Mouse stem and progenitor cell stains included the following monoclonal antibodies: lineage cocktail, Mac-1, Gr-1, CD3, CD4, CD8, B220, and Ter119 conjugated to Cy5-PE (eBioscience); c-Kit PE-Cy7 or APC-Cy7 (eBioscience); Sca-1 Alexa Fluor 680 or Pacific Blue (e13-161-7); CD34 FITC or biotin (eBioscience); CD16/32 (FcγRII/III) APC (BD); and CD135 (Flk-2) PE (eBioscience). Staining was performed as previously described (Akashi et al., 2000; Yang et al., 2005). Cells were then stained with streptavidin-conjugated PECy7 (eBioscience) or quantum dot 605 (Millipore). FACS data were analyzed using FlowJo software (Tree Star, Inc.).
For BrdU incorporation assays, 10 µM BrdU was added to equal numbers of WT 293T cells and 293T cells stably expressing miR-29a cells (in duplicate for each time point). Cells were collected at indicated time points and processed according to the manufacturer’s protocol using APC-anti-BrdU and 7-AAD (BD).
Spleen myeloid cells (Mac-1+ Gr-1+) from empty vector control or mir-29a chimeric mice were sorted using a FACSAria. Total RNA was extracted using RNeasy total RNA kit (QIAGEN) and cRNA was produced from the RNA for array analysis using the Illumina TotalPrep RNA Amplification kit according to the manufacturer’s protocol (Ambion). The labeled cRNA was hybridized using the Illumina array at the Rockefeller University Genomics Resource Center.
For semiquantitative RT-PCR, cDNA was made using random primers and the Superscript reverse transcription kit (Invitrogen) according to the manufacturer’s protocol. β-actin was used for normalization, and the following PCR primers were used for detection: Hdac6, 5′-CATCAGAGAGCAACTGATCC-3′ and 5′-ATGCCATTCCGAATCTCAGC-3′; Bak1, 5′-GCTACGTTTTTTACCTCCAC-3′ and 5′-CATCTGGCGATGTAATGATG-3′; Lrrk1, 5′-GTGAGTCTTTGGAGGTCCTT-3′ and 5′-TGATGGTGGCTTCACTGTGT-3′; Slfn4, 5′-TCCACAGACATCCATAGAGC-3′ and 5′-TTCCATCTCTGGTGAAGCTG-3′; Cdc42ep2, 5′-TCTGCTCAAAAACGCCATCT-3′ and 5′-GTGATCCATAATCTGGAGGA-3′; Hbp1, 5′-CACCATTTGGCACTGCTTTC-3′ and 5′-CCGAATGACACACTCTCTTC-3′; and actin, 5′-GCTACAGCTTCACCACCACAG-3′ and 5′-GGTCTTTACGGATGTCAACGTC-3′.
Western blots were performed as per standard protocols, and protein was revealed by chemiluminescence as per the manufacturer’s protocol (ECL; Amersham). Antibodies included Hbp1 (1:800; Santa Cruz Biotechnology, Inc.).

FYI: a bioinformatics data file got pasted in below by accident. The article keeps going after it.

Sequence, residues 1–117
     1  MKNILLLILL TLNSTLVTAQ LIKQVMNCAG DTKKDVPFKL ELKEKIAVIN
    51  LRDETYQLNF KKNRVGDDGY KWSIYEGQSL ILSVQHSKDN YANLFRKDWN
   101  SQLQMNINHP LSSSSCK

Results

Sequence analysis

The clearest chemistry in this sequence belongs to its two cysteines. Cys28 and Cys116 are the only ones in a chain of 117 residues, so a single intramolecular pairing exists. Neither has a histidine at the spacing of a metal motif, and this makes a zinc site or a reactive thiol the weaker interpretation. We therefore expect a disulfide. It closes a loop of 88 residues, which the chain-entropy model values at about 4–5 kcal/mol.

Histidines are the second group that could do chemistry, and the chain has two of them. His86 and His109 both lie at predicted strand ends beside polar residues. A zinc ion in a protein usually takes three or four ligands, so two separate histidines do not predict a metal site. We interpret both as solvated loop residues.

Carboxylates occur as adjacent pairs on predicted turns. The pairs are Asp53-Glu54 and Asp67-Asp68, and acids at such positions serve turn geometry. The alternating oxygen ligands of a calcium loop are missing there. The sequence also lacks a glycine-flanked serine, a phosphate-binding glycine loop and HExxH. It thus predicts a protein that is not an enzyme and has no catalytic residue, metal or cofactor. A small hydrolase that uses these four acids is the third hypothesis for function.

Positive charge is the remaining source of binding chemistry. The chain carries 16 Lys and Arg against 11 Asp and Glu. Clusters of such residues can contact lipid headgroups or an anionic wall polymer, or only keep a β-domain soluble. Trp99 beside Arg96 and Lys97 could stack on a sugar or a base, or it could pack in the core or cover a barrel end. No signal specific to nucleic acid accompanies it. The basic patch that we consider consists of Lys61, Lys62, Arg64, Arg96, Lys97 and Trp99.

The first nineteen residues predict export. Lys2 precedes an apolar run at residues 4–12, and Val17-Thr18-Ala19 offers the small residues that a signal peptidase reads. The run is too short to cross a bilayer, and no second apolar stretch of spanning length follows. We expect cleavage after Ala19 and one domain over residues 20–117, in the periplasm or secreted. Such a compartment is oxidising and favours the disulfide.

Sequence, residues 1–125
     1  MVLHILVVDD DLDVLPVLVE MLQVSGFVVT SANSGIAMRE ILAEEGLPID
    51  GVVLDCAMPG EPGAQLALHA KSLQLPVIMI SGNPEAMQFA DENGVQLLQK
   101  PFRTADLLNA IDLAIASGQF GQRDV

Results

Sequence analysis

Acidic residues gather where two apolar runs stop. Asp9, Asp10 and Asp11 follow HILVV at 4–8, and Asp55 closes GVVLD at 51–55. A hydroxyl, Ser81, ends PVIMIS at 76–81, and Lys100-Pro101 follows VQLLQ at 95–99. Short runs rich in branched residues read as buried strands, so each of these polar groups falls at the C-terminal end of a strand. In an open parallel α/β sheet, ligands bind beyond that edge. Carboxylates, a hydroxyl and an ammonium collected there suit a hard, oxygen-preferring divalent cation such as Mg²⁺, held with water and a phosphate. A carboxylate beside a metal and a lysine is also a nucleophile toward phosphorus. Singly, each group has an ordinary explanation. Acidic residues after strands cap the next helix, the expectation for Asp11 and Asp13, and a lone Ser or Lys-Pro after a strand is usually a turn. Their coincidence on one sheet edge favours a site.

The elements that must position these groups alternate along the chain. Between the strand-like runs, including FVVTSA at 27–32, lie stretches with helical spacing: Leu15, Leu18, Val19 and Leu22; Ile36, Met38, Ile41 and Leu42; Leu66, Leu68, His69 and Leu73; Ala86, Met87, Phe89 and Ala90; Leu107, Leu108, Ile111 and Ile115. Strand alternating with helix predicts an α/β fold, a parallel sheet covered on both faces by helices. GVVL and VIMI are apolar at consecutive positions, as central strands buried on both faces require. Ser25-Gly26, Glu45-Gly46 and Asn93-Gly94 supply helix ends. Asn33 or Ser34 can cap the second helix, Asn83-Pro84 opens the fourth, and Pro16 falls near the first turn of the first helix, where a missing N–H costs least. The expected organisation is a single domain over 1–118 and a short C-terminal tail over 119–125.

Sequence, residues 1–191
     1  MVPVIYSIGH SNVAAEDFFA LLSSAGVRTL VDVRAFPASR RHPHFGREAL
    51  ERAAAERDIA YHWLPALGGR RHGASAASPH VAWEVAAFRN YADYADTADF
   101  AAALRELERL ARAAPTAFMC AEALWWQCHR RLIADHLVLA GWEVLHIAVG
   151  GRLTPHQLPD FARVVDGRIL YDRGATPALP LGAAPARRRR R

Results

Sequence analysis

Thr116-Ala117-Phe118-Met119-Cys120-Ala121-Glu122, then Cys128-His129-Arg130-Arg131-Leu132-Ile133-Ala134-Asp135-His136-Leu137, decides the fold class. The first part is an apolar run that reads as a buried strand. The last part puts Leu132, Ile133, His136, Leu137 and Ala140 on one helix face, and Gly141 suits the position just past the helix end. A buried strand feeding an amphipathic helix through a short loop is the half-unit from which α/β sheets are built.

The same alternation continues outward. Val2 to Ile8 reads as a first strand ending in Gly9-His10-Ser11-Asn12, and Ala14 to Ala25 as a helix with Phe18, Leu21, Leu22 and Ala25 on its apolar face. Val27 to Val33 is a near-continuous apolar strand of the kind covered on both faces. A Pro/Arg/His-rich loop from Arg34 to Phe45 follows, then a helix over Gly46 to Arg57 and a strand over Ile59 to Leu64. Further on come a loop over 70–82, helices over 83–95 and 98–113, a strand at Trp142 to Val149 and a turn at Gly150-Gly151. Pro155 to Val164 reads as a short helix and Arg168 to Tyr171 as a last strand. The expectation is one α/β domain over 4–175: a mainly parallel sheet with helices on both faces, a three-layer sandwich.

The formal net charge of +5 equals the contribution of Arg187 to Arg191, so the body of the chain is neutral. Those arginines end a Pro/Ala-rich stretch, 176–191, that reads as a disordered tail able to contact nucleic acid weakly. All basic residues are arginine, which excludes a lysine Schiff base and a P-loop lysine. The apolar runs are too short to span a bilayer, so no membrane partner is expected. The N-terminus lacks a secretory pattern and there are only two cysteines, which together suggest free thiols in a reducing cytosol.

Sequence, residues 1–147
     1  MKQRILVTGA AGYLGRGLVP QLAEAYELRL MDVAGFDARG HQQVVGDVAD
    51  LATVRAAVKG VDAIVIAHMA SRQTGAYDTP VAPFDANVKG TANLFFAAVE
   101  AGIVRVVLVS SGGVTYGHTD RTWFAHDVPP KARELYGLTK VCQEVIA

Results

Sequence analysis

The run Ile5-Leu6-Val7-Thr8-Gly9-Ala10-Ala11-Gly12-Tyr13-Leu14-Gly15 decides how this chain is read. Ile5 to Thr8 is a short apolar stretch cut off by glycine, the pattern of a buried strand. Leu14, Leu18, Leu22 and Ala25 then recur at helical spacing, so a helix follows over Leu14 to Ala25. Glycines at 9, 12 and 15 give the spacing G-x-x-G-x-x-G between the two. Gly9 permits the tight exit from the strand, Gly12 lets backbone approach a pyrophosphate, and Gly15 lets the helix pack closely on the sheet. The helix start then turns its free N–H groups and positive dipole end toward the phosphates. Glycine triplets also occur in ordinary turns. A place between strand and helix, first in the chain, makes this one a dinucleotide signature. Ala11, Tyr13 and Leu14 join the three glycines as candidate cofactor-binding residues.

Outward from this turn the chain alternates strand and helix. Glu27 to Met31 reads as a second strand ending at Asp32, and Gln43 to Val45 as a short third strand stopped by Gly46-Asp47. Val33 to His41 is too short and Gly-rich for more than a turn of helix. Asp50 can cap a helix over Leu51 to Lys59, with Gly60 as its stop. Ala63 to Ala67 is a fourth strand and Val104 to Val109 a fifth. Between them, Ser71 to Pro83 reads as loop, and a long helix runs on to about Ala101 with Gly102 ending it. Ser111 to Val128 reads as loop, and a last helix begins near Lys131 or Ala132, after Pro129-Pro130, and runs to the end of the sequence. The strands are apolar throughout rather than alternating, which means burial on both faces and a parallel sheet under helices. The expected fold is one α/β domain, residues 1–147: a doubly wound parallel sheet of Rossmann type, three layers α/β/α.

pGL3 firefly luciferase reporter constructs were generated by cloning the 3′UTR of respective genes downstream of the luciferase open reading frame. Constructs (0.05 µg each) were cotransfected into 293T with 0.01 µg of a Renilla luciferase control vector by calcium phosphate transfection. Luciferase activity was measured 36 h after transfection and normalized against Renilla activity according to the manufacturer’s protocol (Dual-Luciferase Reporter Assay System; Promega). Constructs were generated using the following primers: Hbp1 3UTR, 5′-CTAGTCTAGATGCTTGTGTTTGTAAGTCTG-3′ and 5′-CTAGTCTAGAGGGGCAATATGTTTAACAAG-3′; Bak1 3UTR, 5′-GCTCTAGAGCATTGCACAGTTTATTTCCA-3′ and 5′-GCTCTAGACTGGCTGGACTAAACCTCT-3′; Dpp3 3UTR, 5′-GGACTAGTGAAGATCTGTGTGGTCTCTC-3′ and 5′-GGACTAGTGATGGTGGTCGTCATATTTATT-3′; E2F7 3UTR, 5′-GCTCTAGATGCTTCGGTGGGTGGGAT-3′ and 5′-GCTCTAGATAACATACACGTCTTACTAAATA-3′; and Ptpn7 3UTR, 5′-GGACTAGTCCCTCCACCAGCTCATGG-3′ and 5′-GGACTAGTGCATCCAAGATGGTTATTTATTTA-3′.
Fig. S1 shows miRNA expression normalization and expression vector strategies. Fig. S2 summarizes granulocyte chimerism in miR-29a primary chimeras. Fig. S3 shows lineage and progenitor composition of the peripheral blood and BM of miR-29a primary or secondary transplants. Fig. S4 summarizes BM frequencies of major hematopoietic cell populations in primary chimeras. Fig. S5 summarizes the transplant data and illustrates the histological changes in miR-29a–expressing MPD mice. Fig. S6 shows Southern blot analysis of serially passaged leukemias, summarizes limiting dilution studies to determine LSC frequency, and summarizes the AML samples included in this study. Fig. S7 summarizes mRNA array expression studies and shows semiquantitative PCR validation of differentially expressed mRNAs. Fig. S8 shows the lack of significant hematopoietic changes in HBP1 shRNA chimeric mice. Online supplemental material is available at http://www.jem.org/cgi/content/full/jem.20090831/DC1.
Support was provided by an Institutional Fund from Columbia University and a Fund from Irene Diamond Foundation to H. Gu, National Institutes of Health immunology training grant to Y.-C. Han (AI07525), a physician-scientist career development award from National Institutes of Health/NCI to C.Y. Park (KO8 CA1295470), and a National Institutes of Health/NCI grant to I.L. Weissman (R01 CA86017).
We thank Dr. Jinping Zhang for the miR-29a retroviral construct, Dr. C.-Z. Chen for pHDM1 retroviral vector, Drs. S. Goff and K. Calame for discussion, and Drs. R. Dalla-Favera and K. Rajewsky for reading the manuscript.
The authors have no conflicting financial interests.